The combination of Florida's top TS, along with the incredible amount of talent at the 2007 Final Four (the combined TS of th 2007 Final 4 (90) is 31 points higher than the next highest for a Final 4, 2008) produce a CIS for the 2007 Florida team that might not be approached for a long, long, time. As far as the weakest champion, despite having a slightly larger TS than the 1994 Arkansas team, the extreme lack of draftable talent at the 1987 Final 4 is enough to clinch the cellar position for the 1987 Hoosiers.
An obvious criticism of these calculations will center on the fact that players leave college far earlier than they did 15-20 years ago, and the idea that the level of talent that is drafted is lower now, than it was in 1990. While I will concede that the seasoning of the players that are drafted today is less than it was 20 years ago, the overall talent is not. Since 1990, the population of the United States has increased by approximately 24%. However, the number of NBA draft picks in the first and second round has only increased by approximately 11% over that same period of time. If you accept that the number of people who possess elite basketball talent is proportional to the population (and I do not know any geneticists who would take issue with this), then when you take into account the disproportionate growth in number of draft picks and the influx of international players, then a very strong argument can be made that the talent level of the players drafted out of college today is significantly higher than it was in 1990.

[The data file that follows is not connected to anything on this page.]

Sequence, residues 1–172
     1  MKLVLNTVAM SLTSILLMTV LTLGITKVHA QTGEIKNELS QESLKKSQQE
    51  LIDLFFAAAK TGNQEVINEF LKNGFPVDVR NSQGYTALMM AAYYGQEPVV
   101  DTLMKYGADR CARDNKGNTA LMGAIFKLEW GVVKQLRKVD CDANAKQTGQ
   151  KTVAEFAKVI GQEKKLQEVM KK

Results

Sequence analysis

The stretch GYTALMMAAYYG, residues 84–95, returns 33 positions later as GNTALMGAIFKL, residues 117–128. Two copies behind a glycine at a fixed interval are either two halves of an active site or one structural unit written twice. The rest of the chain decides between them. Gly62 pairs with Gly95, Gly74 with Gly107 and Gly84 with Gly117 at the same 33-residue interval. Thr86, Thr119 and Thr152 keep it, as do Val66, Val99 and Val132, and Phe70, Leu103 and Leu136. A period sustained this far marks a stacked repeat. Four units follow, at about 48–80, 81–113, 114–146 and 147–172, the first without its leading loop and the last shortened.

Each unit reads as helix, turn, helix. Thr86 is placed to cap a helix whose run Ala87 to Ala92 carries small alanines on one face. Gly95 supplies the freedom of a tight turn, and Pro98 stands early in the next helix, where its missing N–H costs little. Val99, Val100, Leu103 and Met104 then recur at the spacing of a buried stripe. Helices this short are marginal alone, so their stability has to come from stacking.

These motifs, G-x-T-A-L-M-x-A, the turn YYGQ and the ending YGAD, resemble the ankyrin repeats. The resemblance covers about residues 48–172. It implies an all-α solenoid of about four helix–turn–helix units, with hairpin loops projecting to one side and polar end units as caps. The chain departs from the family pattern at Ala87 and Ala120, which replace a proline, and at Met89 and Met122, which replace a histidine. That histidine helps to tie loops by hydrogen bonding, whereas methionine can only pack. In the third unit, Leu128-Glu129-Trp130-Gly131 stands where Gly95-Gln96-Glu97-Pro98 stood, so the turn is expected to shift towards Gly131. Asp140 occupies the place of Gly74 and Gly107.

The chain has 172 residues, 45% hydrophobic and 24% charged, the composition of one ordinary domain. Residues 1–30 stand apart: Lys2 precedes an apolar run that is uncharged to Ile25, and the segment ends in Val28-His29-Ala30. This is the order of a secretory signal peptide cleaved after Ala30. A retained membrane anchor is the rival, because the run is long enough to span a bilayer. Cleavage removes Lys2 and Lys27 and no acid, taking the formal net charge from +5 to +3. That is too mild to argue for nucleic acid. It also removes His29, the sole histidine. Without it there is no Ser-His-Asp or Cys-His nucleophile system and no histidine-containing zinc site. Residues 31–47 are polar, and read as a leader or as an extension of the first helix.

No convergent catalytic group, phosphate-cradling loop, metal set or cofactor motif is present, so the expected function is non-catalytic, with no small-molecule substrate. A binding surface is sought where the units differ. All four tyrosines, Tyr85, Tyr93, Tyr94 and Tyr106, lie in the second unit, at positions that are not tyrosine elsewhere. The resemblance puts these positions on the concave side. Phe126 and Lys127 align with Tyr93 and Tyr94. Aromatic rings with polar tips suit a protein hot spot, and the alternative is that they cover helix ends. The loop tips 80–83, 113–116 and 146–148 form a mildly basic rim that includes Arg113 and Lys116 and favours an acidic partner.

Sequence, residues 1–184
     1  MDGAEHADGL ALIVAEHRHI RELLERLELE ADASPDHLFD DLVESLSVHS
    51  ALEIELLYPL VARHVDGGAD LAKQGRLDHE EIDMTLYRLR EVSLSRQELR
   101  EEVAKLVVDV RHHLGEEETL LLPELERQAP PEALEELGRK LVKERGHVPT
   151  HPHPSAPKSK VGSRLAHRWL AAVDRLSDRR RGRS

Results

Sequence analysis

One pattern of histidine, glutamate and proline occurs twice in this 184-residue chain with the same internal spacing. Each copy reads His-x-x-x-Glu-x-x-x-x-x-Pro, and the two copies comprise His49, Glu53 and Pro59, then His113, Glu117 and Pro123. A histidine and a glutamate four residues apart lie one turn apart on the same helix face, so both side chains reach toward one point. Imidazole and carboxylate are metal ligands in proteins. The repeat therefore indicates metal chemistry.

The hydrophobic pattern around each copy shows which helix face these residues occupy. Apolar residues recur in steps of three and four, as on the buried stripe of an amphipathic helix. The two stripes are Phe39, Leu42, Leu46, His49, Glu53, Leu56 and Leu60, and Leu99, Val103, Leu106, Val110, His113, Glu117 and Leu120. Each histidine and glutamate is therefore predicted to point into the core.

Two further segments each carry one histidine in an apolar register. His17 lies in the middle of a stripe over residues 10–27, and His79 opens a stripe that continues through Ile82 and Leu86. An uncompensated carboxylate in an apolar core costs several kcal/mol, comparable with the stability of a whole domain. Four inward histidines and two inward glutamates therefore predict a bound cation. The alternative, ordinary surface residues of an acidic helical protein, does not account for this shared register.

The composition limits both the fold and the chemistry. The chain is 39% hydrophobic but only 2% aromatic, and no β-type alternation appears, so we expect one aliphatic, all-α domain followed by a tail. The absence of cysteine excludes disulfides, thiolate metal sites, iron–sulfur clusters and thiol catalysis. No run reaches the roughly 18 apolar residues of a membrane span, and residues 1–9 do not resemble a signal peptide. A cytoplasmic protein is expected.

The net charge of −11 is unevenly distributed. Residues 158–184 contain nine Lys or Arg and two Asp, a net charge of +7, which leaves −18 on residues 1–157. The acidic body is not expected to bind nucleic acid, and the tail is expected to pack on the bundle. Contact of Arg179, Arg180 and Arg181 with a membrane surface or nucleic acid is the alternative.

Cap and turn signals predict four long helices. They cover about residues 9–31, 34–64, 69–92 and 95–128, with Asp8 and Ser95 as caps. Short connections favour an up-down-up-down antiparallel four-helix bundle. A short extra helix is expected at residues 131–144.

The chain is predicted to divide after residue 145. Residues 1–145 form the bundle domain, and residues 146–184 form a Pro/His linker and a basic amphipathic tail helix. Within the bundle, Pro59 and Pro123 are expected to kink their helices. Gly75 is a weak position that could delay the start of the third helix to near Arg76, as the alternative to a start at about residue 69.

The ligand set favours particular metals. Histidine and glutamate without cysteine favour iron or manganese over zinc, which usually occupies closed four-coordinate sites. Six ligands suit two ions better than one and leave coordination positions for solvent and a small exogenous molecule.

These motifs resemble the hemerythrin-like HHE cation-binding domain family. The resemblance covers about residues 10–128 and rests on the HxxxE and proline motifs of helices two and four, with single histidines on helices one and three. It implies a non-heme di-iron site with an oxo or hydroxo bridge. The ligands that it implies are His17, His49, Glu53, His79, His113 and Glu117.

A few other observations:
- From 1985 to 1999, the team with the highest TS at the Final 4 won the Title 3 out of 15 times (20%). From 2000 to 2009, the team with the highest TS has won the Title 7 out of 10 times (70%). This dramatic shift points to the idea that today's college players are much less seasoned and talent is more spread out, thus putting an added emphasis on the accumulation of talent, while lessening (slightly) the importance of an individual system. A perfect example of this is Michigan State. Tom Izzo runs a terrific system that produces fantastic results; however, when his team is faced with superior talent (i.e. North Carolina), they struggle.
- The TS of the 2007 Final Four was fueled by the presence of a record 6 top-10 picks in the next NBA Draft: Greg Oden, Al Horford, Mike Conley Jr., Jeff Green, Corey Brewer, and Joakim Noah.
- Since 1985, two champions had Talent Scores that were larger than the combined TS of the other 3 three teams in the Final Four: Kentucky (1996) and UNC (2009). This corresponds well with the fact that these two teams have the largest total Tournament scoring margins and are generally considered the two most "dominant" teams of the last 25 years.
- The 1987 Indiana team is the only champion in the 64-team Tournament Era to not have a single 1st round draft pick on its roster.
- The highest combined TS of the non-champions in a Final 4: 54 (1991).
- The lowest combined TS of the non-champions in a Final 4: 19 (2009).
- The highest TS of a Final 4 team team not to win a Title: 30 (UNLV in 1991)
- There have been 4 teams make the Final 4 with a TS of 0: Providence (1987), Wisconsin (2000), Oklahoma (2002), and George Mason (2006).
- Only once has the Final 4 team with the lowest TS at the Final 4 won the Title: 1997 Arizona
So, where does this Duke team rank? At this time, it is still way too early to make any definitive statement, but it is possible to use the Mock Drafts for 2010 and 2011 on Draft Express to make a first-order estimation. Based on these predictions, Duke will have a TS of 14 and a CIS of 238, which would ranked it as the 3rd worst Title team since 1985. The combined TS of Butler, West Virginia, and Michigan State projects to be 17, which would rank as the lowest ever. Of course, should Singler, Ebanks and Hayward return for the 2011 season, all of these numbers will drop significantly.
Lastly, as an aside, I really hope that when I update this data after next season, it will still be valid to use the 64-team NCAA Tournament as a cut off...